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Asian Economy to Survive SARS: ADB Forecast
Despite the impact of severe acute respiratory syndrome (SARS), Asia's 41 developing economies will still outperform the rest of the world with 5.3 percent growth this year, down from 5.7 percent in 2002, the Asian Development Bank (ADB) said in its annual forecast yesterday.

China will be the strongest performer with estimated growth of 7.3 percent, compared with 8 percent last year, the Manila-based bank said.

Overall, SARS is likely to depress Asia's growth by 0.1 to 0.2 percentage points in 2003, but strong domestic demand, improving export performance and prudent fiscal and monetary policies are expected to carry the region's momentum into 2004, with the ADB projecting higher gross domestic product (GDP) growth of 5.9 percent.

The ADB Asian forecast does not include Japan, Australia or New Zealand.

The bank warned that the economic outlook remains highly vulnerable to the impact of SARS on tourism and business travel as well as weaknesses in industrial countries.

"The region's strong fundamentals are reflected by the high level of reserves and low rates of inflation, leaving it in a good position to weather an uncertain external environment and the SARS outbreak," ADB chief economist Ifzal Ali said in a statement.

Areas noted in the report include:

Hong Kong Special Administrative Region will see a 0.6 percentage point decline in GDP to 2 percent this year.

Economic growth for East Asia as a whole is expected to slow to 5.6 percent in 2003 from 6.5 percent last year.

Southeast Asia recovered more strongly than expected in 2002, growing 4.1 percent.

GDP growth is projected at 4 percent this year, less than previously expected due to the impact of SARS.

Viet Nam will be the strongest performer at 6.9 percent. Singapore, hit hard hit by SARS, will grow 2.3 percent.

Growth in South Asia is expected to climb to 5.7 percent, up from 4.2 percent last year, led by 6 percent for improving India, which accounts for three-quarters of the subregion's economy.

Nepal will bounce back from a 0.6 percent contraction in 2002 to post 1.5 percent growth.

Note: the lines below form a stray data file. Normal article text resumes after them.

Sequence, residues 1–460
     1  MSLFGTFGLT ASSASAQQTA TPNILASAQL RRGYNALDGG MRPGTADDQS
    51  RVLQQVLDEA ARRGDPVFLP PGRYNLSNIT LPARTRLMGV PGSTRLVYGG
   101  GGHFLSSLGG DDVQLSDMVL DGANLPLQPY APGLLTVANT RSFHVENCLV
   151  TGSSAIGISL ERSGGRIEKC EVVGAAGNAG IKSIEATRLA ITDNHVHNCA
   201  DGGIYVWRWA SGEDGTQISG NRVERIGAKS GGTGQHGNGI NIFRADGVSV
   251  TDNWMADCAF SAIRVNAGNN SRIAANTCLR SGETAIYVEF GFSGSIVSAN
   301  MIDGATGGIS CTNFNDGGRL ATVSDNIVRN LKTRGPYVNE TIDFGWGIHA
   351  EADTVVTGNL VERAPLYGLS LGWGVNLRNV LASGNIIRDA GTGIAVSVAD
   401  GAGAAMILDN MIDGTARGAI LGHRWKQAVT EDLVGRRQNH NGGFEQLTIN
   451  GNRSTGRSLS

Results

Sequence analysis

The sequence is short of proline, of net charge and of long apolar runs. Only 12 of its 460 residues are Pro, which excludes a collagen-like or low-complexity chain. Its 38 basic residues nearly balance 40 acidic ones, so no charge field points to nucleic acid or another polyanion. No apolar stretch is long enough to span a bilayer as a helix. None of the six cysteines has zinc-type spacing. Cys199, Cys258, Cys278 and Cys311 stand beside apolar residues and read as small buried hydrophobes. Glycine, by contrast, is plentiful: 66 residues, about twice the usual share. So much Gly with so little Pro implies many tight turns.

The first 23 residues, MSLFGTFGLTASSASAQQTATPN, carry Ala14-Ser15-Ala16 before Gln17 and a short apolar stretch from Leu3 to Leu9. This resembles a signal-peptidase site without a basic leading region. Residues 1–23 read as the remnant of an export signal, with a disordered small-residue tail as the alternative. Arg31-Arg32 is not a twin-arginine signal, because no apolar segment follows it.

In Central Asia, strong 2002 GDP of 7.7 percent reflected good performances by Azerbaijan, Kazakhstan and Tajikistan.

A moderate deceleration in growth to 5.8 percent is expected for 2003 and 2004 as oil and gas production slows.

After two years of decline, the Pacific saw a subdued recovery in 2002 with 0.9 percent growth.

The modest rebound is expected to continue, with growth of 2.4 percent in 2003 as social and political stability improves, supported by rising tourism, an anticipated improvement in commodity prices and an improved business climate.

The ADB also said Afghanistan's economy is likely to surge in 2003 and 2004, provided that security improves and international support for reconstruction continues. The outlook does not include a growth figure because economic statistics for the country are virtually nonexistent, so it noted that growth in 2003-04 could be well above 10 percent with inflation kept in reasonable check.

Indonesia's economy is expected to show modest growth of 3.4 percent in 2003 and 4 percent in 2004, the ADB said.

Cambodia, Sri Lanka and Mongolia are expected to expand by 5 percent in 2003, Nepal 1.5 percent, Pakistan 4.5 percent and Bangladesh 5.2 percent.

The Philippines is forecast to grow 4 percent this year and 4.5 percent in 2004.

Of particular concern is the fiscal deficit that rose sharply to 5.4 percent of GDP in 2002, due to a shortfall in tax collections, the bank said.

The total trade of Asia's developing economies with the rest of the world increased rapidly last year, with exports rising 31.3 percent to US$66.4 billion in September from US$50.6 billion in January.

Imports also increased slightly by US$1.4 billion, or 3 percent, from US$46 billion in September.

(China Daily April 29, 2003)

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